I wish to see online, for any past Bill of Parliament, in the House of Commons:
which MPs (in the House of Commons) and which peers (in the House of Lords) voted in favour and in opposition.
For instance, I desire this information for Bills that failed to abolish slavery:
But time was lost during the lengthy inquiries by the privy council committee for trade and plantations (1788) and by the Commons itself (1789-1790), and Wilberforce's motion for abolition was disappointingly defeated by 163 to 88 votes in 1791. In the following year, a compromise was reached in the Commons whereby the trade was to be prohibited from 1796.
These were partial measures which only slightly improved the horrific conditions experienced during the notorious middle passage.
The House of Lords stalled the motion pending its own inquiry, which was eventually allowed to lapse because of the wars against revolutionary France. Wilberforce introduced an abolition motion in most subsequent sessions, and these were occasionally lost by only narrow margins, including by only four votes in 1796, when several supporters had deserted the chamber for the pleasures of the opera house.
and the successful Slave Trade Act 1807:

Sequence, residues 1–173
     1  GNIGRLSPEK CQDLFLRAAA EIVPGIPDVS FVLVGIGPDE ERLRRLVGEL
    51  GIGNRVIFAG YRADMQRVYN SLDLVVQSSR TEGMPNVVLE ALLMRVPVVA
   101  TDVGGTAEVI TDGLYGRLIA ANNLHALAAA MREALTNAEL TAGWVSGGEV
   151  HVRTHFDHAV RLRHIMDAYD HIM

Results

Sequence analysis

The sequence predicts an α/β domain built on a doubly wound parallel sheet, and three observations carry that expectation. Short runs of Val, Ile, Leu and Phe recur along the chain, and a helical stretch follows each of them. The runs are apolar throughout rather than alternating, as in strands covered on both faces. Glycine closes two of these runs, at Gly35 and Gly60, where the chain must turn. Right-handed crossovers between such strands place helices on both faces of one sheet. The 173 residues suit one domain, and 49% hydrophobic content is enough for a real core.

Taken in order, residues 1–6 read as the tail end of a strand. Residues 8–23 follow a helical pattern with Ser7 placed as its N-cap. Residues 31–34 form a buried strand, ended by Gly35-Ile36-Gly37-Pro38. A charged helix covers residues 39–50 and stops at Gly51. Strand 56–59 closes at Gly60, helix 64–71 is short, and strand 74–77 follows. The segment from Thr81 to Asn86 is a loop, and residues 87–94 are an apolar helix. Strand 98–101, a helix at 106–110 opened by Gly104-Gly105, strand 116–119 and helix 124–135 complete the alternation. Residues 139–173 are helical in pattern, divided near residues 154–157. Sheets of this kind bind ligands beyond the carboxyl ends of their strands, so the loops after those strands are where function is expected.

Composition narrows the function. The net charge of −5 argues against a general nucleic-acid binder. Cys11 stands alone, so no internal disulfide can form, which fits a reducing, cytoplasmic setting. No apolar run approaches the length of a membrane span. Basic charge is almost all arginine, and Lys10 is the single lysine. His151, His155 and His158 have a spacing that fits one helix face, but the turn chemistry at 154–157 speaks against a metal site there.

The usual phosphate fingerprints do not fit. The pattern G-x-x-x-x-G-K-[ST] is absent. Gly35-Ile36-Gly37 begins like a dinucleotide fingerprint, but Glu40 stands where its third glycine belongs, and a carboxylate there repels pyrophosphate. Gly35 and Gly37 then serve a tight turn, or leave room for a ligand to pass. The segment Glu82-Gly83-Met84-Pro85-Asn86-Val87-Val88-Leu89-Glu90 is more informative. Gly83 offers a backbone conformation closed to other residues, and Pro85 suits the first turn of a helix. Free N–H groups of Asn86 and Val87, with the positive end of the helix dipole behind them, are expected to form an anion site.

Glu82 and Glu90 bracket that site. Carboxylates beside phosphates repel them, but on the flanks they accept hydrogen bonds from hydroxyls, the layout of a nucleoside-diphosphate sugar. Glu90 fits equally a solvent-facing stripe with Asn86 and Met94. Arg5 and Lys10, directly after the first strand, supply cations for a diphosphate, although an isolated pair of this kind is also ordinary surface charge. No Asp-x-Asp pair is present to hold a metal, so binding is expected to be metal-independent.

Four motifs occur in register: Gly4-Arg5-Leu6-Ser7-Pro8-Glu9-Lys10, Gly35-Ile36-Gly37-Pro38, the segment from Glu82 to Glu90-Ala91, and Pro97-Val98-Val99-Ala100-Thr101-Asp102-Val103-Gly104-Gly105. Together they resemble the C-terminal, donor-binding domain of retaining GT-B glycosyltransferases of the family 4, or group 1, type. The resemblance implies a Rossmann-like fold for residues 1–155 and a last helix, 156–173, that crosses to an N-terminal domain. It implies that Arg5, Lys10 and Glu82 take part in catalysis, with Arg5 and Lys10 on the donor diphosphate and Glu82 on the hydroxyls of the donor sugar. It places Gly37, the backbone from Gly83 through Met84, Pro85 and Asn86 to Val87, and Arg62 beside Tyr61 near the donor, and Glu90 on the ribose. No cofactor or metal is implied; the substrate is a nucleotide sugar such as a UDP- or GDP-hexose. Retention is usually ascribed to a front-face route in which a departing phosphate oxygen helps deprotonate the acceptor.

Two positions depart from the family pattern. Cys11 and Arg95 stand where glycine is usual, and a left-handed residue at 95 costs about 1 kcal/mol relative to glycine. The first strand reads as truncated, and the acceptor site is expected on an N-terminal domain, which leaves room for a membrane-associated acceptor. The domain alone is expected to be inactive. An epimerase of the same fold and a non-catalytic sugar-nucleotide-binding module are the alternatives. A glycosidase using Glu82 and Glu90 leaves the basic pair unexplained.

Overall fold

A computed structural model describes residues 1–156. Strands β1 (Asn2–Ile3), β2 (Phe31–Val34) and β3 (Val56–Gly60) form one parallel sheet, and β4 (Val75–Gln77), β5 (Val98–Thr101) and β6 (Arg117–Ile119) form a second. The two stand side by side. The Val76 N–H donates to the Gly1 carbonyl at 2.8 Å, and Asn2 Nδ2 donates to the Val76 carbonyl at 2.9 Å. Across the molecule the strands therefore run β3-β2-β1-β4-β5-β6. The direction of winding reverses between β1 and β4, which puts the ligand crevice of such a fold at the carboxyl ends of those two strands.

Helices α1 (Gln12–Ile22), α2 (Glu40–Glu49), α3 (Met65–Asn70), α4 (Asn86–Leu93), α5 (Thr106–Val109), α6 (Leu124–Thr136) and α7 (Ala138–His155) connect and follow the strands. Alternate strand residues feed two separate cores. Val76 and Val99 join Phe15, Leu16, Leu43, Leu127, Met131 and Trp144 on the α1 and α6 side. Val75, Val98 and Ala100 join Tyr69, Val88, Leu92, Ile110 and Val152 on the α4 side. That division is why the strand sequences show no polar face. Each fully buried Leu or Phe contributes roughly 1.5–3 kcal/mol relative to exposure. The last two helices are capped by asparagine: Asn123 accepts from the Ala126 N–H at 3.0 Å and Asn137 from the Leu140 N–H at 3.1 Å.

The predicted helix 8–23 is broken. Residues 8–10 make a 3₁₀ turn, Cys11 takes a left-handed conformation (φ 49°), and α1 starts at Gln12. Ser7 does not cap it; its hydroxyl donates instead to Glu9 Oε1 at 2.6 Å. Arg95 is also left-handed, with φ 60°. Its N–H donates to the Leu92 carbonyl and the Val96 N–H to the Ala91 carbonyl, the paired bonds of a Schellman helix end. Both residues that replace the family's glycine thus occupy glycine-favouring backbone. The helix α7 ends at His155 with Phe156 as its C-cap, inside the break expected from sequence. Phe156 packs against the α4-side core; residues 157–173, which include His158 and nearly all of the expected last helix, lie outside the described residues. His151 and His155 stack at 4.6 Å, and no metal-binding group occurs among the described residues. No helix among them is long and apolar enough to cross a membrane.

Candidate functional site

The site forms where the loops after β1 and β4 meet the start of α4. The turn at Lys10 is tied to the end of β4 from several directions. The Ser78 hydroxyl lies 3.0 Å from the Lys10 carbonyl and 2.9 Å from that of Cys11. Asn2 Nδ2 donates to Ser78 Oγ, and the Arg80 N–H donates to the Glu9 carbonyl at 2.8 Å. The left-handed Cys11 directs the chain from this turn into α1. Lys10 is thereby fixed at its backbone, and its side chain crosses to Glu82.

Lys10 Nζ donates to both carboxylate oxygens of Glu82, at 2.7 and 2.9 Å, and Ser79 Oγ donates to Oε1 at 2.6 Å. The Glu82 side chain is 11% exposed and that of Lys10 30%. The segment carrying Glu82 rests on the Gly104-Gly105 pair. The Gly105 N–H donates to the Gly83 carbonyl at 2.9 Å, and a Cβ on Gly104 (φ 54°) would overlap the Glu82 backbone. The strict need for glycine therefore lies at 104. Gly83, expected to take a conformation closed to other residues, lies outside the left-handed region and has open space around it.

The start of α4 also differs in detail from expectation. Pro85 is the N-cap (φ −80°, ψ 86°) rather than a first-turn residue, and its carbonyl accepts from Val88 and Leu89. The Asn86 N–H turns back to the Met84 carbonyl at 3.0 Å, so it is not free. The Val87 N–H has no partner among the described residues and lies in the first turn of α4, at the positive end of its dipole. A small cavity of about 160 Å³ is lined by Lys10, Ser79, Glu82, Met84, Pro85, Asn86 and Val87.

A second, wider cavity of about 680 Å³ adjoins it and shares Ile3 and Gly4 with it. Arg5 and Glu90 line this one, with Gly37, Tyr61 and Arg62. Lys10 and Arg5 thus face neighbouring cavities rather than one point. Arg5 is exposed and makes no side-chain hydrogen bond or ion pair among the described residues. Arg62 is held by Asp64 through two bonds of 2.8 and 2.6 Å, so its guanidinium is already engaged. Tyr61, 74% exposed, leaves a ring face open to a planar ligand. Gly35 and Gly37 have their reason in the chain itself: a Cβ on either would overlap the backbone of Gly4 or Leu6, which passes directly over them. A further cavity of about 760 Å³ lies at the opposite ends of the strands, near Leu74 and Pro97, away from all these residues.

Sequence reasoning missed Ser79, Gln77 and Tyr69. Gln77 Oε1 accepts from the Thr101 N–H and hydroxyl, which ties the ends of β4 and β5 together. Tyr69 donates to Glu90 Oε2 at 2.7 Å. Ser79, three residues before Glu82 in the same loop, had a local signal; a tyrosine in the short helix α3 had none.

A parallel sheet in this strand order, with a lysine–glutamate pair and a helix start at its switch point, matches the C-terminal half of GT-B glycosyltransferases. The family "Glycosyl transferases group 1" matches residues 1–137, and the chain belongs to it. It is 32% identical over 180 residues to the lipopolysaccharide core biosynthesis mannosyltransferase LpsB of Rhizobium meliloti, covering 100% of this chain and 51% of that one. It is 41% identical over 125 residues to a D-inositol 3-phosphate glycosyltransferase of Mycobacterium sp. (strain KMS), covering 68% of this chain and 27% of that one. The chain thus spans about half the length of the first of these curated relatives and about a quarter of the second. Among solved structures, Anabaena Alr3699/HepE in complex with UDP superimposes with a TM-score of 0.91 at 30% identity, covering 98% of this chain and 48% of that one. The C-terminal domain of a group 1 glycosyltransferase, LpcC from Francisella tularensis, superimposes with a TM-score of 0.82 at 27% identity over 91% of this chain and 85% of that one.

The effect of Stephen's 1806 act was to reduce the trade by two-thirds, paving the way for the Abolition of the Slave Trade Act in February 1807. The Prime Minister, Lord Grenville, introduced the Slave Trade Abolition Bill in the House of Lords on the 2nd January 1807 when it received a first reading. The House of Lords, voted for the abolition of the slave trade on 5th February by 100 votes to 34; after an impassioned speech by the Prime minister, despite opposition from the West India Lobby. The bill was debated for ten hours in the House of Commons on 23rd February. At 4am the next morning the House voted in favour of the Bill by 283 votes to 16. Finally on 25 March 1807 the Abolition of the Slave Trade Act received its royal assent, abolishing the slave trade in the British colonies and making it illegal to carry enslaved people in British ships.